For well over three decades, I’ve analyzed countless reading, learning disability, and school psychology evaluations. Not one of these probed deeply for sleep problems or suggested follow-up sleep studies. Neither did my reports.
Why? Much of the valuable research on sleep has just started seeping into the world of education. Before this, the vast majority of reading specialists, school psychologists, learning consultants, and their professors never gained more than superficial, “passing” knowledge of children’s voluntary or involuntary sleep problems. It’s time to rectify the situation.
What You Can Do
In supportive ways, you can try to ensure that your child follows the well-established, highly effective tenets of sleep hygiene. The National Institute of Health (NIH), an outstanding federal agency grounded in research, offers a bevy of practical tips for improving the duration and quality of sleep. Here are three.
- Stick to a sleep schedule. [Have your child] go to bed and wake up at the same time each day.
- Have a good sleeping environment. Get rid of anything in your [child’s] bedroom that might distract [her] from sleep, such as noises, bright lights, an uncomfortable bed, or warm temperatures.
- Have the right sunlight exposure. Daylight is key to regulating daily sleep patterns. [Encourage your child] to get outside in natural sunlight for at least 30 minutes each day. If possible, have her wake up with the sun or use very bright lights in the morning.
If the NIH’s recommendations produce little improvement, consider having your child evaluated by a Sleep Specialist certified by the American Board of Sleep Medicine (ABSM). If the problem’s not medical, but behavioral, such as insistently using a tablet late into the night, you might institute a behavioral program aimed at improving your child’s sleep habits.
In this instance, you may need to work with a behavioral psychologist who’s highly skilled in improving sleep habits. ABSM certification is a strong indicator of knowledge.
You can politely ask your child’s teachers and support staff about his daily alertness and energy. Does he yawn often? Does he start drifting off to sleep? Does his attention wax and wane? Does he often rest his head on a desk or table? Does he frequently complain about sleep or say he’s “tired”? Does he get moody or restless at certain times of the day? Does his alertness and energy interfere with is learning? And so on.
You can politely and formally request that the school have a physician who specializes in sleep disorders evaluate your child. Because of the Individuals with Disabilities Education Act (IDEA), federal law may support such a request.
Specifically, IDEA’s evaluation regulations require schools to ensure that trained and knowledgeable professionals evaluate the student in all areas of suspected disability (see 20 USC § 1414(b)(3)(B)). Conceivably, “all areas” includes sleep if you have good reason and documentation to think your child’s problems are caused or amplified by sleep issues. To my knowledge, however, federal courts have not ruled on this matter.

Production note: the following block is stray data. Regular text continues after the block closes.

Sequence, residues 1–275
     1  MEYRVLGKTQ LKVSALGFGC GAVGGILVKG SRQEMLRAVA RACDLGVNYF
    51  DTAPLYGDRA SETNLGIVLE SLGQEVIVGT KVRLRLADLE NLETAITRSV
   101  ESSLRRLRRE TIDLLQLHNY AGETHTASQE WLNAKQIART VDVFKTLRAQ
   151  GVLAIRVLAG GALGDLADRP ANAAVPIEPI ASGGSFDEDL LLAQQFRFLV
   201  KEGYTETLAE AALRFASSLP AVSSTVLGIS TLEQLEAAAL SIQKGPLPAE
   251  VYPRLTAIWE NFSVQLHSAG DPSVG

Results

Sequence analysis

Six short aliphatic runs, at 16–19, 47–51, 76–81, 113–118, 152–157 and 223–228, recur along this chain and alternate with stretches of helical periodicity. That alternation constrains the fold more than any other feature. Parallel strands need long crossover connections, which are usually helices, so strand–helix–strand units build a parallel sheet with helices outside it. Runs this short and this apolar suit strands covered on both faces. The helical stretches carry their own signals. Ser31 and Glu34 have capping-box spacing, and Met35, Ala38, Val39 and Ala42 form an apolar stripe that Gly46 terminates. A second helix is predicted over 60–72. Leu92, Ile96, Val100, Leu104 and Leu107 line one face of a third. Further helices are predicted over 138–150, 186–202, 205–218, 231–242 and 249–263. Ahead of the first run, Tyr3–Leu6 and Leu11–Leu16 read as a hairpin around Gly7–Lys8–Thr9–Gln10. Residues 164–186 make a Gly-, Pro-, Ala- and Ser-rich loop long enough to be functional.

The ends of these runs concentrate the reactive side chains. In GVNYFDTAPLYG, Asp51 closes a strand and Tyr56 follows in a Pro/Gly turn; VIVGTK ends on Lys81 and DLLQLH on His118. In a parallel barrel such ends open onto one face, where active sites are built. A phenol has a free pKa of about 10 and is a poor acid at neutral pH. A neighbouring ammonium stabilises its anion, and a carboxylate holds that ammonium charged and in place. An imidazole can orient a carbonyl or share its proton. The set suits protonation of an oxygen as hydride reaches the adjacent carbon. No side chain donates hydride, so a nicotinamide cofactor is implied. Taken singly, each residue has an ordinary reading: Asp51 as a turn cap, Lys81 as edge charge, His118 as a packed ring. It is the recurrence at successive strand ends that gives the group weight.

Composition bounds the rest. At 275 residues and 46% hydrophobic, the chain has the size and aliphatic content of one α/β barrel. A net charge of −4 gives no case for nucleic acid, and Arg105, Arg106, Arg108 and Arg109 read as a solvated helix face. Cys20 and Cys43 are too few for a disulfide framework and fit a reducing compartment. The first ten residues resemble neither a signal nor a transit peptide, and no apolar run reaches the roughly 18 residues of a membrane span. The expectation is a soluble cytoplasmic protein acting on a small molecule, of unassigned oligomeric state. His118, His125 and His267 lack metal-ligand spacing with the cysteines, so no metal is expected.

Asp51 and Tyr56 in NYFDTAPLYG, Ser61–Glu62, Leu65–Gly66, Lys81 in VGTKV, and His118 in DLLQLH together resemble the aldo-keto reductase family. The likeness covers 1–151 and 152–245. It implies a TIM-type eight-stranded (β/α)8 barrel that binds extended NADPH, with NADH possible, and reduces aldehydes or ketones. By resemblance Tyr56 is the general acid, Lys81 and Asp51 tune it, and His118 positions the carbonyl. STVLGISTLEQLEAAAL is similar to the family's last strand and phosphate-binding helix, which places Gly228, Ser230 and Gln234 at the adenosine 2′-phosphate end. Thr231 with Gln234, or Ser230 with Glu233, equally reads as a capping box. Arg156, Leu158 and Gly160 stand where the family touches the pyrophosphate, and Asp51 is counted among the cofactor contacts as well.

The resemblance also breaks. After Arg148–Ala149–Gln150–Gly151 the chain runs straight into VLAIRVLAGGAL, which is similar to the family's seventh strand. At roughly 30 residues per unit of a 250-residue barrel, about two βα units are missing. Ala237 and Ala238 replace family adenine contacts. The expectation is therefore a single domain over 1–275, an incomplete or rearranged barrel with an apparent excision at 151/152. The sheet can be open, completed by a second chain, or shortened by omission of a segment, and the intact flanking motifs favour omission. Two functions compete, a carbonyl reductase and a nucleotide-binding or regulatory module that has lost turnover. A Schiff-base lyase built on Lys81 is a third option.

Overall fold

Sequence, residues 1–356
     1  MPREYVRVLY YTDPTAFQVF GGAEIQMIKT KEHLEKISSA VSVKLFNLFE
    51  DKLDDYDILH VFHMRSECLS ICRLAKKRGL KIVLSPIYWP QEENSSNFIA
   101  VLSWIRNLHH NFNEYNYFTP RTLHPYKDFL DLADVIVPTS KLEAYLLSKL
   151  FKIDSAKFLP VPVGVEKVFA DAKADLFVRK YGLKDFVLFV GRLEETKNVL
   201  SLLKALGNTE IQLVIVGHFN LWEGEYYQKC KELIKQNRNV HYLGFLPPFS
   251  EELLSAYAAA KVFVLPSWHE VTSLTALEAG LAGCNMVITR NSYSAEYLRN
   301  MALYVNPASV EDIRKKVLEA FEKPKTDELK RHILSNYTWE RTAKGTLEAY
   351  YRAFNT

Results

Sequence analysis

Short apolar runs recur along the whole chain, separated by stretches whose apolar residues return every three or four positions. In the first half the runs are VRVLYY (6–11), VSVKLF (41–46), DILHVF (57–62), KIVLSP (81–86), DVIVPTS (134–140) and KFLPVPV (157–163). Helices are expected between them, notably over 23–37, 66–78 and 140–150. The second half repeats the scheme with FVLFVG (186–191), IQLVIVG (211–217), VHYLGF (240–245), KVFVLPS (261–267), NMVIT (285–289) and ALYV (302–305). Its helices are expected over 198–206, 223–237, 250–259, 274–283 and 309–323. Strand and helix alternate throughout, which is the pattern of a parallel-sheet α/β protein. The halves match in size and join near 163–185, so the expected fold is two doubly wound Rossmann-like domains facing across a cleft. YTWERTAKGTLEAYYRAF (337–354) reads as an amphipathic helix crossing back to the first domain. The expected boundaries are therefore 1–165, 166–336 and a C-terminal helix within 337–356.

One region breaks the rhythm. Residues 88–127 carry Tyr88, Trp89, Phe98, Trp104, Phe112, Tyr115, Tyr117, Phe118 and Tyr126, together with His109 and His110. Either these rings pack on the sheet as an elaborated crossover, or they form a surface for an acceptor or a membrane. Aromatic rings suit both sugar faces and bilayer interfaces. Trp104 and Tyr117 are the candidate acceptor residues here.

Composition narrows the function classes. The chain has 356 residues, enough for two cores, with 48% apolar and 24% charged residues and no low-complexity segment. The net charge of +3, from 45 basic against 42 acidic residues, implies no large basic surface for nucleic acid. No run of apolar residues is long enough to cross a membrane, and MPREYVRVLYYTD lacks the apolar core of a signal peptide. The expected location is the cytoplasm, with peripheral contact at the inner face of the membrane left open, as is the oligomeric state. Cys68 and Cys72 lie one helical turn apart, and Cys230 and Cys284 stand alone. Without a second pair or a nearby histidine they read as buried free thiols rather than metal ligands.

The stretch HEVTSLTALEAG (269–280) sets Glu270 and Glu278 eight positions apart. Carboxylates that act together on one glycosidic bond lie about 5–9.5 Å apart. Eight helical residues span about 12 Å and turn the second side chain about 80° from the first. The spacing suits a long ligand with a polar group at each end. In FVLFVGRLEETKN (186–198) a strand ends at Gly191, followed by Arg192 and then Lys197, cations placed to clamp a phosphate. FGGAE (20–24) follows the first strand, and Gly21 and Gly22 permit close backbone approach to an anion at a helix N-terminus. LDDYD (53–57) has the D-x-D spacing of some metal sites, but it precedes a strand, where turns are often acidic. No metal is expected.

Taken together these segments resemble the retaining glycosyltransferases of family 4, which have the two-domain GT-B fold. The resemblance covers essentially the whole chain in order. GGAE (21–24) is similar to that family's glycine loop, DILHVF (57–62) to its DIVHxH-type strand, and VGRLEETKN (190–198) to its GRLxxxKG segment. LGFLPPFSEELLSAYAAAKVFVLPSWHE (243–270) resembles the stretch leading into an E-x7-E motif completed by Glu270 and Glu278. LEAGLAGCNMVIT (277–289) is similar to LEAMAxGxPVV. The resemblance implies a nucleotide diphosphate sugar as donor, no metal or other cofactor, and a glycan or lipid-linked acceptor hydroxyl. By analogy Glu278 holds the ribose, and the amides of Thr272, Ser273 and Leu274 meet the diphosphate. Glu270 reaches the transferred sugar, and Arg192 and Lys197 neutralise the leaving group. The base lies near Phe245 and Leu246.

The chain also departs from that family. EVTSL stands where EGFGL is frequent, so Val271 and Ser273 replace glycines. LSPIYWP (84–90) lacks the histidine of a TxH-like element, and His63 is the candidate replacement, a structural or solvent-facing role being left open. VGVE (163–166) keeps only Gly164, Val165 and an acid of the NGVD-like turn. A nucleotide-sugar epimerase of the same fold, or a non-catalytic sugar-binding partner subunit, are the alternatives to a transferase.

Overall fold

What Schools Can Do
School evaluation team members can interview you and your child's teachers to roughly estimate the likelihood that your child has sleep problems that are blocking is progress.
Schools can educate all remedial and special education personnel about the importance of sleep, the problems that poor sleep creates, the benefits of quality sleep, and appropriate steps they should take if they suspect that poor sleep is undermining a student’s development.
Schools can conduct an annual series of parent workshops on Building Lifelong Sleep Habits. They can also create podcasts and webinars that match the needs of the local area.
Schools can contract for sleep studies by physicians who are Board-Certified Sleep Specialists. Similarly, they can contract with psychologists who specialize in helping children and youth overcome poor sleep habits.
Schools can schedule the day’s first class to start at 9 a.m., especially in high schools. (This can help to prevent problems caused by the mismatch between school schedules and the circadian clocks of children and youth. Though changing schedules sounds easy, it’s not.)
What Must be Kept in Mind
Education’s overarching goal is to prepare students for successful lives. Thus, it’s important to look well into the future, when today’s children are adults. Much of the knowledge and many of the habits they develop today will either undermine or strengthen their adult lives, academically, socially, emotionally, physically, vocationally, recreationally, and medically.
Will helping children substitute good sleep habits and practices for poor ones make a difference? In a word, "Yes." As Dr. William Kohler, medical director of the Florida Sleep Institute, noted:
"If we don't get adequate sleep, our mood is going to be more depressed, we're not going to be as sharp cognitively, our thinking is not going to be as alert. And with lack of sleep, there are long-term potential consequences and changes in our health: Our immune system is not going to function as well if we do not get adequate sleep, and we're going to have a tendency to put on weight. There are some fascinating studies that they've done with children where they follow children for a number of years, and ones with short sleep times were more likely to become obese than children who had adequate sleep."
"There are various sleep problems that have significant health morbidity associated with them, like sleep apnea ... stroke, high blood pressure, irritability, depression, elevated cholesterol and elevated blood sugar.”
My view: Let’s not wait. Let’s help kids now.